Labor Immigration Law

United States Labor Immigration Law News and Analysis

Archive for August, 2009

Revised Instructions for Case Status Inquiries with Service Centers

USCIS has instituted a new (and supposedly more streamlined and reliable) process for directing case status inquiries with USCIS service centers.  Case status inquiries should be conducted by following these steps:

Step 1: Contact the National Customer Service Center (NCSC) at 1-800-375-5283.  The NCSC can assist customers, community-based organizations and liaison groups with case related inquiries.  Before calling the NCSC please have available your receipt number, alien registration number, type of application filed and date filed.  During your call we recommend that you take note of the following information:

* The name and/or id number of the NCSC representative
* The date and time of the call
* Any service request referral number, if a service referral on a pending case is taken

Step 2:  If more than 30 days have passed since you contacted the NCSC and the issue has not been resolved or explained you can email the proper USCIS Service Center to check the status of your case.

* California Service Center:  
* Vermont Service Center :  
* Nebraska Service Center: 
* Texas Service Center:      

Please note: Emails should be sent to the Service Center that has jurisdiction over your case. The receipt notice will indicate EAC for the Vermont Service Center, SRC for the Texas Service Center, LIN for the Nebraska Service Center, and WAC for the California Service Center.

When contacting the Service Centers by email you will need to provide the information outlined in Step 1.  If the NCSC did not issue a service request after your call, please indicate the reason the NCSC representative did not issue the request.

Step 3:  In the event you do not receive a response within 21 days of contacting the appropriate Service Center, you may email the USCIS Headquarters Office of Service Center Operations by email at:  You will receive a response from this email address within ten days.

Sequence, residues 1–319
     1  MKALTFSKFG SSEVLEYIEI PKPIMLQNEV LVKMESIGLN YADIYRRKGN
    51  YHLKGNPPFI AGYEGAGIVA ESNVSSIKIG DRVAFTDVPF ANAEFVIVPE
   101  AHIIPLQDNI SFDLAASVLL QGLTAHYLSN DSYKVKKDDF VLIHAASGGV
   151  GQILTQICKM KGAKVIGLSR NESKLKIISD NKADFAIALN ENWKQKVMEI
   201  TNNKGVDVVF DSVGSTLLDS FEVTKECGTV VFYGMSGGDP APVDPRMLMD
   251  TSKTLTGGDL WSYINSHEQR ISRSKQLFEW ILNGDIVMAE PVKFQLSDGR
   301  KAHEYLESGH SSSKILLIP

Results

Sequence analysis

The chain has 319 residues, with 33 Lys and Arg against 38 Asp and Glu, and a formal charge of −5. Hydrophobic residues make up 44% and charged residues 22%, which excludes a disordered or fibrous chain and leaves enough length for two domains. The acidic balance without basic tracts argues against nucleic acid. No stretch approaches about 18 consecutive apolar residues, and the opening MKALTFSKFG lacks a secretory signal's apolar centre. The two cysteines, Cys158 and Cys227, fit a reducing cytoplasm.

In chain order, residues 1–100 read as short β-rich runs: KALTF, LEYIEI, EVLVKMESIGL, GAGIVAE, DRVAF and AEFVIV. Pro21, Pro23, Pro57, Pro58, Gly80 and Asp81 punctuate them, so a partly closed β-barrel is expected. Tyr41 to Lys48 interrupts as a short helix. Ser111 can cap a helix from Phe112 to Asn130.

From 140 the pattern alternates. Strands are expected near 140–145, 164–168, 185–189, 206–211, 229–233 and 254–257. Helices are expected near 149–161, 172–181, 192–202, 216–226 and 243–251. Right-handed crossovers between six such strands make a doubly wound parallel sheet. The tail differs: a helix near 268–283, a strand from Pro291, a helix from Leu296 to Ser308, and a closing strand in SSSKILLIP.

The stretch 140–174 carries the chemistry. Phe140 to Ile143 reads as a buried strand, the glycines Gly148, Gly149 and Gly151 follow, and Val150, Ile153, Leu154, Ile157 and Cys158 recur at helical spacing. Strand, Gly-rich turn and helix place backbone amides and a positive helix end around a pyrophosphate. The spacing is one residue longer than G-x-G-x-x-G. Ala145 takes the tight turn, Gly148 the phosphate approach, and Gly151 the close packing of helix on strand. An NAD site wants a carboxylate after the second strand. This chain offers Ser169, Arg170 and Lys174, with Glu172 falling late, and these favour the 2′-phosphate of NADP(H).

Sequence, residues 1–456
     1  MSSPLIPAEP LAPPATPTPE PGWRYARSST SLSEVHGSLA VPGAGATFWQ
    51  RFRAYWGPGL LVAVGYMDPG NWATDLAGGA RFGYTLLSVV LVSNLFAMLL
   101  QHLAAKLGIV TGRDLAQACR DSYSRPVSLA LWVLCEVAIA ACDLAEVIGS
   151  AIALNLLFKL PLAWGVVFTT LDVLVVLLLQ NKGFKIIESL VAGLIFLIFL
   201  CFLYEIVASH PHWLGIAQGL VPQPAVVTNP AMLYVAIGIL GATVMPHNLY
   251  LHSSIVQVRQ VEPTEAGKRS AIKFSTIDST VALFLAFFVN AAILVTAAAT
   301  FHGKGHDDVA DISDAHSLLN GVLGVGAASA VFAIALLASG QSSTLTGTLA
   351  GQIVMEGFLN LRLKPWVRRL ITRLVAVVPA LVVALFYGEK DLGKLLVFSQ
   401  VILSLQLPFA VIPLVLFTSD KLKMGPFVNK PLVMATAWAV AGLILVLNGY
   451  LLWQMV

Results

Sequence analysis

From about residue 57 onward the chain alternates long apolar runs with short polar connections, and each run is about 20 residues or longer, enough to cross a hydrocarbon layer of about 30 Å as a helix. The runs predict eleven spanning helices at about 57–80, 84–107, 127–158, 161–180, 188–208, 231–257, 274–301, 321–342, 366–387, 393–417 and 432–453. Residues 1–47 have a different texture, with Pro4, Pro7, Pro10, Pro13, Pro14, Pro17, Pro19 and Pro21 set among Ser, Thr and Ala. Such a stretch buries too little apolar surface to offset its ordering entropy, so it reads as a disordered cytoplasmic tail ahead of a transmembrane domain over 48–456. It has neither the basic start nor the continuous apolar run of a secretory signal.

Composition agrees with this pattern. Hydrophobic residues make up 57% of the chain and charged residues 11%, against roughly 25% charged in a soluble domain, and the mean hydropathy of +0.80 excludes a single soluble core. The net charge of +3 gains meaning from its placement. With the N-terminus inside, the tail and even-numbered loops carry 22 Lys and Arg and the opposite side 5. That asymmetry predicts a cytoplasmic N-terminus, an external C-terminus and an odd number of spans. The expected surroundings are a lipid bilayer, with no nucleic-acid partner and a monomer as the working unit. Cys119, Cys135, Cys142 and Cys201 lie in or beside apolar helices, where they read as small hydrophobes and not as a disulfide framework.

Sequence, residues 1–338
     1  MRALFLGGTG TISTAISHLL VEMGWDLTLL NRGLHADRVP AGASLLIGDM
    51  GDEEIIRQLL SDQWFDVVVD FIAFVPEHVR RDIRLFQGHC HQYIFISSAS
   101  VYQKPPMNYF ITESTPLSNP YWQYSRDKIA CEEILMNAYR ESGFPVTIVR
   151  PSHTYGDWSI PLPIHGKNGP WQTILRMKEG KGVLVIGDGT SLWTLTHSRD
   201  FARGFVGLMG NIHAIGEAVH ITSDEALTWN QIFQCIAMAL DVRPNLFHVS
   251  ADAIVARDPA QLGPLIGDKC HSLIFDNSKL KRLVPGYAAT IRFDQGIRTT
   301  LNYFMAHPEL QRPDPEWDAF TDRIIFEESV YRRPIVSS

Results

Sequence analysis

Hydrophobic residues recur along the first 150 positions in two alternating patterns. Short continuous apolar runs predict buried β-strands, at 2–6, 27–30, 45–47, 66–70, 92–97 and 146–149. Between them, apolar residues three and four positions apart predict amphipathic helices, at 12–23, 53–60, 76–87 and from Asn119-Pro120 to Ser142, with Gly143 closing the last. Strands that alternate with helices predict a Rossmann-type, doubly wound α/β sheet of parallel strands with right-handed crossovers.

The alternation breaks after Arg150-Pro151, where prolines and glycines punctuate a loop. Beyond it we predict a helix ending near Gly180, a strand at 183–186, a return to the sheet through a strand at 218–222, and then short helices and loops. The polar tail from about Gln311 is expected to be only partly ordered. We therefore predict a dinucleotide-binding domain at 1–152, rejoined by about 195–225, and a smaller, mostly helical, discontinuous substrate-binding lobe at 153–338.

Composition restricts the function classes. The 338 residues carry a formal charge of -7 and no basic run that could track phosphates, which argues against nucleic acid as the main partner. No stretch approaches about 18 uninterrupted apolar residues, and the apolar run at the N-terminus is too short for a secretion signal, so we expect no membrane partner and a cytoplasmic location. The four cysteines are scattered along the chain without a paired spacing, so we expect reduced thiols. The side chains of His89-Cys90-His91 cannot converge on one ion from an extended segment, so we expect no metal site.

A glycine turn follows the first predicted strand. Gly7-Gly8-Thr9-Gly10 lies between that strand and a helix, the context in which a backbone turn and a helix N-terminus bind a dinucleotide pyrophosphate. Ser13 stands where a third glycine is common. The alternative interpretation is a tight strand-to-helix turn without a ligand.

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USCIS to Accept New H-2B Fiscal Year 2009 Petitions

The H-2B filing period for fiscal year 2009 (FY2009) has been reopened by USCIS due to insufficient applications filed under the cap.  Accordingly, USCIS accepts immediately new H-2B petitions under the FY2009 cap for starting work date before October 1, 2009.

FY2009 H-2B Numbers Are Under the Quota

On January 7, 2009,  USCIS announced that it has accepted a sufficient number of H-2B petitions to meet the annual cap of 66,000 H-2B visas.  However, the Department of State has received far fewer than expected requests for H-2B visas and as a result, has issued only 40,640 H-2B visas for fiscal year 2009 to date. This means that there are approximately 25,000 visas that may go unused, as they have not been granted. Because of the low visa issuance rate, USCIS is reopening the filing period to allow employers to file additional petitions for qualified H-2B temporary foreign nonagricultural workers.

FY2009 Filing Deadline Is Imminent

The normal (non-premium processing) adjudication time frame for H-2B petitions is 60 days. USCIS will make visa numbers available to petitions in the order in which the petitions are filed. However, because H-2B petitions (Form I-129) for fiscal year 2009 visas must be received, evaluated, and adjudicated on or before the fiscal year 2009 deadline of Sept. 30, 2009, USCIS cannot guarantee approval of any H-2B petition on or before the Sept. 30, 2009 deadline. Employers therefore are encouraged to file as soon as possible and to request premium processing by filing a Form I-907 and